Advanced Micro Devices (NASDAQ:AMD) has been hot on the heels of NVIDIA (NASDAQ:NVDA) in the graphics card market in recent years, giving the market leader a run for its money every now and then. But AMD may now finally have the ammunition necessary to blow a hole in NVIDIA's GPU (graphics processing unit) moat thanks to its newly launched RX 6000 series graphics cards.
NVIDIA's new headache
NVIDIA recently released its latest graphics cards, which is based on the new Ampere architecture and brings serious performance gains without bumping up prices as compared to its predecessors. But AMD looks all set to give NVIDIA sleepless nights with its new range of graphics cards based on the RDNA2 architecture, promising double the performance and a 54% increase in performance-per-watt (power efficiency) compared to the previous-generation RDNA cards.
AMD is now taking aim at the premium end of the GPU market, which has been the territory of NVIDIA thus far. Priced at $999, AMD's flagship Radeon RX 6900 XT closely matches NVIDIA's flagship offering -- the RTX 3090 -- in terms of performance, according to AMD's internal benchmarks. For instance, the RX 6900 XT clocks an average of 150.1 frames per second when running the popular Doom Eternal title at the highest settings in 4K resolution, compared to the RTX 3090's 151.6 frames per second.
But the RTX 3090 carries a much higher starting price tag of $1,499, so AMD is claiming to give gamers much better value for money. The RTX 3080 founders' edition card and the AMD Radeon 6800 XT graphics card are also closely matched in terms of performance while running the same gaming title at 4K resolution. However, the RX 6800 XT is cheaper at $649, compared to the RTX 3080's starting sticker price of $699.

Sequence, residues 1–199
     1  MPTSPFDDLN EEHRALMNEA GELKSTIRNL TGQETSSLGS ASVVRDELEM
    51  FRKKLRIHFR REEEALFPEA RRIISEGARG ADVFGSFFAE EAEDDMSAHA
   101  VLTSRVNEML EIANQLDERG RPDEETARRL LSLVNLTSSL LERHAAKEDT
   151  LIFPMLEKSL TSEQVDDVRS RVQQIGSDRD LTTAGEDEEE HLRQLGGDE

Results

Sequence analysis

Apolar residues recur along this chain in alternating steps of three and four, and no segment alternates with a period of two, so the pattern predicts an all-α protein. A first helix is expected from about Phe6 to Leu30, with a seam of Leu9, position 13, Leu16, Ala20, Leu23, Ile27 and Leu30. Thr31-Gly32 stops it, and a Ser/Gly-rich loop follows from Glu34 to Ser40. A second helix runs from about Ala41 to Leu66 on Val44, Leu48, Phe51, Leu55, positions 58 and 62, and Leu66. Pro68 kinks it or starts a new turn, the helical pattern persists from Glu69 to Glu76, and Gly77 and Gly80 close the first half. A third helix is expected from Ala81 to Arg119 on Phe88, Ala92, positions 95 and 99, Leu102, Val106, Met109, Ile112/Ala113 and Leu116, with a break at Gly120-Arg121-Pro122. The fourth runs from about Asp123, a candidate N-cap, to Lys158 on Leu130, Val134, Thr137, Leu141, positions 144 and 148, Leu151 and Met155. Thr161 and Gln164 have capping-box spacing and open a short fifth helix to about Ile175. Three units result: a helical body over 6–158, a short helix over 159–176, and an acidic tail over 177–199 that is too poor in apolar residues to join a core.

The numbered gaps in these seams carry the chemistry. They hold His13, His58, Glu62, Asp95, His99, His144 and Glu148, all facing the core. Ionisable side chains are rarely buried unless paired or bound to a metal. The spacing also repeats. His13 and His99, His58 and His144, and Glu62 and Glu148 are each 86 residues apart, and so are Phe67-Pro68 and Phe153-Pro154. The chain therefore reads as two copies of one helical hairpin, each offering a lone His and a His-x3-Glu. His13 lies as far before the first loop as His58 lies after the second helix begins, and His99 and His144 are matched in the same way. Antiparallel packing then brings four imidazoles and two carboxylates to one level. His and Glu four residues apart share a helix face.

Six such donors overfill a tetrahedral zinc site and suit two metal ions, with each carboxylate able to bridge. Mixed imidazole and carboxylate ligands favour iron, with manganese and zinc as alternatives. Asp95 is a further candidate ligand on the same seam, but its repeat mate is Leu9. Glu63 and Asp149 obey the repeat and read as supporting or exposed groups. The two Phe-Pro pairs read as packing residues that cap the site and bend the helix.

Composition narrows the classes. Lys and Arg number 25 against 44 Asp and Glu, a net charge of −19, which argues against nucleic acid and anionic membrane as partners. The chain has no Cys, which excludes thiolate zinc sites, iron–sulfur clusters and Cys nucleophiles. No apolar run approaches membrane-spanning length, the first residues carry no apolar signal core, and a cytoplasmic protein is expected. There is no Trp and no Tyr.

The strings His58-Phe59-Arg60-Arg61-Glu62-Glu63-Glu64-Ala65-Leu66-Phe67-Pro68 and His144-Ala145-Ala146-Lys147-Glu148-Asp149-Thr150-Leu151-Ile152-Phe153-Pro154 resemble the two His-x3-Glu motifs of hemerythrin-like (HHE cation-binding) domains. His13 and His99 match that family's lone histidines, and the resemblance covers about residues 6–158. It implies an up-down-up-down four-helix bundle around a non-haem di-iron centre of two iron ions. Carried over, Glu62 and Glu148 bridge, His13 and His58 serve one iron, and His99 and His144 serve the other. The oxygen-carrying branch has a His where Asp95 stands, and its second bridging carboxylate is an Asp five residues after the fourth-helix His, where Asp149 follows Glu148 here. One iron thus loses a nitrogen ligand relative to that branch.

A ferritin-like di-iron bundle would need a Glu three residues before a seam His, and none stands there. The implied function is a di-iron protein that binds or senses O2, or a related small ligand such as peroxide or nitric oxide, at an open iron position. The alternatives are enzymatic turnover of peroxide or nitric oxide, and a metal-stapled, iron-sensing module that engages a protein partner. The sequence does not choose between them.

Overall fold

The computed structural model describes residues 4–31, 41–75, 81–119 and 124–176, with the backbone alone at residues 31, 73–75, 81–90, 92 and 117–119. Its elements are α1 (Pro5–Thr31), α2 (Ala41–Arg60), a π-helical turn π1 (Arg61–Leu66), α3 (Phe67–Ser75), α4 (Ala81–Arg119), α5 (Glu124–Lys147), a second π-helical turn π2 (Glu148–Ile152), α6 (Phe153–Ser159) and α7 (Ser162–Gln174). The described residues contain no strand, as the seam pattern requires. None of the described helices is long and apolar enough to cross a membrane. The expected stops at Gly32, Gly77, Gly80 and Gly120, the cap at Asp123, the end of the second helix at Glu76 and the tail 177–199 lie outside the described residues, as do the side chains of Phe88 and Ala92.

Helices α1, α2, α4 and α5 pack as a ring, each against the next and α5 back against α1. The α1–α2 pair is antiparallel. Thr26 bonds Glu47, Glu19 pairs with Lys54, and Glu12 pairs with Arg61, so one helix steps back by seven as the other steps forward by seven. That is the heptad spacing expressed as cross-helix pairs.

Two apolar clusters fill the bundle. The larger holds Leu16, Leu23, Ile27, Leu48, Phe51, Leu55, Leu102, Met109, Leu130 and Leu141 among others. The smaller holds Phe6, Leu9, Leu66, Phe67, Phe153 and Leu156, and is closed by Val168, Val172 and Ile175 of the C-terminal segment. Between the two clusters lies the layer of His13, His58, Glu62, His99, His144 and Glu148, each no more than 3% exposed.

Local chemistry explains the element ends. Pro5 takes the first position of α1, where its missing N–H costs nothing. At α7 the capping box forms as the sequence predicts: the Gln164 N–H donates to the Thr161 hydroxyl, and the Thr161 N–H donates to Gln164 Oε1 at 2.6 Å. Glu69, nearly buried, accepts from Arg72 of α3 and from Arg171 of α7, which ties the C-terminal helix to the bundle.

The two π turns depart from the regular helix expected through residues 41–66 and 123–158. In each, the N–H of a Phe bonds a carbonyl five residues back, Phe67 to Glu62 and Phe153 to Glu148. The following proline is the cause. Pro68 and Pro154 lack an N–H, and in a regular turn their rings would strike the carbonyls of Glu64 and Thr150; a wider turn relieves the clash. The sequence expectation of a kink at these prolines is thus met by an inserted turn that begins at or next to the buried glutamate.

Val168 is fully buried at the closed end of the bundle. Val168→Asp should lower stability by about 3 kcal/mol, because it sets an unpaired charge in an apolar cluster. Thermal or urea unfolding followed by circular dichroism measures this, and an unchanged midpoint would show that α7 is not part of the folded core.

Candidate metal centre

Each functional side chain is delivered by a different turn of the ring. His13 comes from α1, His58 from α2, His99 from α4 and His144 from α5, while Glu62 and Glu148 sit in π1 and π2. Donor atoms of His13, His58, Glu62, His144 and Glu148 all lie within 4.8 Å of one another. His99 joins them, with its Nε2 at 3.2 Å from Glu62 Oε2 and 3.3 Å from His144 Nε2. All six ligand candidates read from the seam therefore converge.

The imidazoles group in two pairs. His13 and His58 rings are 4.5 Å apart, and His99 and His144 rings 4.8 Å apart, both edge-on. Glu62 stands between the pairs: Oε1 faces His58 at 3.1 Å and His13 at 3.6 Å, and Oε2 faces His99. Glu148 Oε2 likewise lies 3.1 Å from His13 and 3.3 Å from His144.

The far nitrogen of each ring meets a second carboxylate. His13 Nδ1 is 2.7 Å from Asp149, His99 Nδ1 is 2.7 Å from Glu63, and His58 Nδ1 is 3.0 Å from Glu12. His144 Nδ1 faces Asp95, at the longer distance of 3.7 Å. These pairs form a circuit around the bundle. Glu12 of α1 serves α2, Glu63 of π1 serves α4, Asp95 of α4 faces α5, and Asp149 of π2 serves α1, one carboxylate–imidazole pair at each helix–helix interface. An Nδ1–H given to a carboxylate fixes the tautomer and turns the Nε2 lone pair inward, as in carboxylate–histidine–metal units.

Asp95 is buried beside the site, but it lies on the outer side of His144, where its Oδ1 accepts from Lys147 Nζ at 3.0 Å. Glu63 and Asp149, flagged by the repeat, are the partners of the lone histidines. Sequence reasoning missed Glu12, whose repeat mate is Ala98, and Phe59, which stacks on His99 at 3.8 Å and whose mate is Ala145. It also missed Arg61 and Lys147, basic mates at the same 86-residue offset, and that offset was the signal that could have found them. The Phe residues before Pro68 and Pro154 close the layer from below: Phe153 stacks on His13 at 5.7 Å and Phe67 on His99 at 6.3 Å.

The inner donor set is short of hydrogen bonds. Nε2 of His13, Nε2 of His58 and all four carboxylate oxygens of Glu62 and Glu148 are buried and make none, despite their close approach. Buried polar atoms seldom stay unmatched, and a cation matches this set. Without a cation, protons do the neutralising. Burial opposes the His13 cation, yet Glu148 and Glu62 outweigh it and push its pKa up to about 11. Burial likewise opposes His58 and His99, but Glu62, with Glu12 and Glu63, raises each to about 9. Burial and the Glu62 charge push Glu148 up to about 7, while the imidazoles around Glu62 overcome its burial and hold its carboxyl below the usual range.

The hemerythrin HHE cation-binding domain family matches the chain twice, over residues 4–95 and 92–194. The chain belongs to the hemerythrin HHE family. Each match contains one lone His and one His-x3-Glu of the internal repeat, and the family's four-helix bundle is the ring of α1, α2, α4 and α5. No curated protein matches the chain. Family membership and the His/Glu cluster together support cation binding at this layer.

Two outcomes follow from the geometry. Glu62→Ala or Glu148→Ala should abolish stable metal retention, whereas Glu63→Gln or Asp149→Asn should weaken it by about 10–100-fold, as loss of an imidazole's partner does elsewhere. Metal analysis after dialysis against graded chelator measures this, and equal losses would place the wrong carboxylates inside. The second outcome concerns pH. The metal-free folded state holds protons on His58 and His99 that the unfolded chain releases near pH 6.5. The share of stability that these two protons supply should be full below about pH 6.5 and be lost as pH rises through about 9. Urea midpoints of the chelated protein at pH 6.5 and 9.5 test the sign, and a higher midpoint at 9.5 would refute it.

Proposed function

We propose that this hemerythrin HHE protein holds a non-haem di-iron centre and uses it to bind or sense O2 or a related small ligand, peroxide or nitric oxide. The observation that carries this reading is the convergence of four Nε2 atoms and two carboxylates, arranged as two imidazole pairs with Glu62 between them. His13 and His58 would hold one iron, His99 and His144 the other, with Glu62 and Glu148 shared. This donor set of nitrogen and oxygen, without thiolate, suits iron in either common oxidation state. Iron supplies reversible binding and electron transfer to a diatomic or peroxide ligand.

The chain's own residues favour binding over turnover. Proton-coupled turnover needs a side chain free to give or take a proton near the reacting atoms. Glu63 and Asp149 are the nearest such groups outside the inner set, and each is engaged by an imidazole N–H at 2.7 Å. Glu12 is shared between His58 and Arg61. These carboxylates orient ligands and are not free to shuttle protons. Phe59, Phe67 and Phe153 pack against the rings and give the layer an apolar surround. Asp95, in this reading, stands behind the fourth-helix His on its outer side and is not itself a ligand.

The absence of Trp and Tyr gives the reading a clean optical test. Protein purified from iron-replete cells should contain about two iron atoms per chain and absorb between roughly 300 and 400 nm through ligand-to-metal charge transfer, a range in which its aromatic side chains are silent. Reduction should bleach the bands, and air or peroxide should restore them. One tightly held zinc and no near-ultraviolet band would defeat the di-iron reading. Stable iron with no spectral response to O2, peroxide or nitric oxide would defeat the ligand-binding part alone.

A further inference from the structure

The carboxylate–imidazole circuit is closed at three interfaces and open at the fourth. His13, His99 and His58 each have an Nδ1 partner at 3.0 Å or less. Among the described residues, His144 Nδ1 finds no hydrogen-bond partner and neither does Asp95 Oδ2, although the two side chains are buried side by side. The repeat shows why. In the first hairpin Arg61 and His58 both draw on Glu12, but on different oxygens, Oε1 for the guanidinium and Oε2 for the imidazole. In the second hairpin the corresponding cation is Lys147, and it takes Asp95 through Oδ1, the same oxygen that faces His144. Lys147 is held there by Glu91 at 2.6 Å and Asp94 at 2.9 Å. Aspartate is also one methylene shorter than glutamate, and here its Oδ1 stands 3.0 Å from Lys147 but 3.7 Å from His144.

Meanwhile, AMD claims that its new graphics cards are better than NVIDIA's while running Doom Eternal at quad high definition (QHD) at the highest settings. AMD has carried out internal tests across several games, such as Call of Duty: Modern Warfare, Shadow of the Tomb Raider, and Forza Horizon 4, among others -- and it claims to either better NVIDIA's offerings or closely match them in performance terms depending on the settings.
Of course, it would be a good idea to take the benchmarks with a grain of salt, as they are conducted by AMD's internal labs and not by a reliable third party. But they do indicate that AMD may have stepped up its game in the GPU market with its new cards, paving the way for a potential increase in its market share.
AMD may be about to level up
AMD made impressive gains in the GPU space in the first quarter of 2020, when its market share reached nearly 31%, compared to 22.7% in the year-ago period (with the rest being held by NVIDIA, according to Jon Peddie Research). But NVIDIA made a solid comeback in the second quarter of the year as AMD's share dropped to 22% from nearly a third of the market a year ago.
NVIDIA's comeback was driven by the company's pricing power. It reduced the price of its older GPUs in preparation for the launch of the new Ampere cards, which helped the company gain more customers in the second quarter. Additionally, the launch of the RTX 30 series cards at aggressive price points meant that customers were buying them hand over fist in the third quarter.
The third-quarter GPU market share numbers aren't out yet, but NVIDIA may have moved more units than AMD during that period considering how quickly the RTX 30 series cards were going out of stock. Now that AMD claims to have plugged the performance gap with NVIDIA and is offering its latest cards at lower prices than its rival, it could regain its mojo and cut the latter's GPU lead in the forthcoming quarters.